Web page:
Page 1, 8th July 1960

8th July 1960
Page 1
Page 7
Page 1, 8th July 1960 — No compromise on Doctrine, but

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No compromise on Doctrine, but




will seek common ground

WHILE one could not expect the Church to compromise on doctrinal matters in order to make reunion easier, one could expect compromises in the spheres of liturgy, organisation, and discipline.

This statement was made by Cardinal Bea, S.J., the President of the General Council's Advisory Board or Secretariat in a recent interview granted to the Italian Jesuit periodical Civilta Cattolica.

"There is already, within the Catholic Church, a diversity of rites, of languages, of organisation, and of discipline, and there are therefore possibilities of concessions on these points." said the Cardinal.

" But these are matters which need to be examined in each particular case, to be studied with much level-headedness and prudence, leaving the -decision to the jurisdiction of higher authorities.

Wider aim

This secretariat, besides the immediate aim of helping nonCatholic Christians to follow the Council's activities, has the wider and more general aim of helping non-Catholic Christians to discover unity with the Roman Catholic Church: to establish, for example, what the situation is in different countries and communities, that is to say, what they have in common with the Roman Catholic Church with regard to doctrine, discipline, and worship, and to settle in what things they diverge from it; to see, also, what are the wishes of different communities concerning reunion and to see in what way one could make the road towards reunion easier for them, etc."

Asked whether, in view of the magnitude of these tasks, the secretariat would also be concerned with relations with the Orthodox, Cardinal Bea replied:


"The matter has not yet been decided. However, it seems improbable, since the Congregation for the Oriental Church is already busy in this sphere, at least in principle. Nevertheless, one must allow for collaboration between the new secretariat and the Congregation for the Oriental Church on several questions, for example on those concerning the relations between the Orthodox and the Protestants and between the Orthodox and the World Council of Churches. etc."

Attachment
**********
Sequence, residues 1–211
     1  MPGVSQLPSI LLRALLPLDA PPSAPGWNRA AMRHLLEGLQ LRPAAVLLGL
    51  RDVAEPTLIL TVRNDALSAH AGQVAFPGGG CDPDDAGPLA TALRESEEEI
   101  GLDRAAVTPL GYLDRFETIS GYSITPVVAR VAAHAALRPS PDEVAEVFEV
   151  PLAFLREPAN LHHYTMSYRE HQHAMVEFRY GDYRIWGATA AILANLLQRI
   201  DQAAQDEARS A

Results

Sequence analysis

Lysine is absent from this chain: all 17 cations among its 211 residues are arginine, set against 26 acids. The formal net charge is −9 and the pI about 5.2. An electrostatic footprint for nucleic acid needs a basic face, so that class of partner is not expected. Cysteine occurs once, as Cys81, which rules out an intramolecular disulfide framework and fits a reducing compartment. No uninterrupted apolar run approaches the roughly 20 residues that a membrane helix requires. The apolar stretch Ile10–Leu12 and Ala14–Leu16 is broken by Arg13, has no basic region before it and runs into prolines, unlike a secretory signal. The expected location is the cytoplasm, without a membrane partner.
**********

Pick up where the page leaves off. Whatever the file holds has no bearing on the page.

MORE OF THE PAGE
Discussing the obstacles, the prospects, and the hopes on the Continued on page 7, col. 2


from P. I

road to unity, the Cardinal said that the wish for reunion, and movements aimed at reunion, were much stronger in the " old world" -England, France. Germany, and Switzerland than in the United States, which was where he was interviewed.

In European countries this wish t for reunion derived for the most part from Biblical studies, and he quoted the example of the "Theological Dictionary of the New Testament edited by Q. Kittle] and G. Friedrioh which "has shown how the original doctrinal positions of the Protestants do not correspond on several points with the teaching of the New Testament "as was, for example, the case with

the famous (and, for Luther,

fundamental) doctrine of justification by faith alone.

In England, on the other hand, it was mainly historical research on the Fathers and the early Councils which encouraged the movement towards reunion.

" As far as the ' new world ' is concerned." continued the Cardinal, " the fact that Protestants are divided into a very large number of groups and denominations creates special difficulties and obstacles. These denominations

have not split off directly from the true Church (as was the case, at least in part, in the old world) but from communities which had already separated from the Roman Catholic Church.

Pope John himself. in his letter to the clergy of Venetia in May, 1959, had not said that he was expecting reunion at once but first a drawing closer together, then contact, and finally complete reunion of so many brethren separated from their former common mother.

" If he was speaking only of reunion with the Orthodox, this is because this corresponds to the actual state of affairs. in the sense that the Orthodox are much closer to the Roman Catholic Church than any Protestant denomination. Basically it is only the doctrine of the primacy and the infallibility of the Sovereign Pontiff that divides them from the Catholics.

"On the other hand, to consider matters from a supernatural point of view, one can-and one must-be optimistic, despite all the obstacles, as is the Holy Father himself. The possibilities of the Spirit of God. the Spirit of Unity, are infinitely superior to the possibilities of men: they must not be measured by our poor standards."

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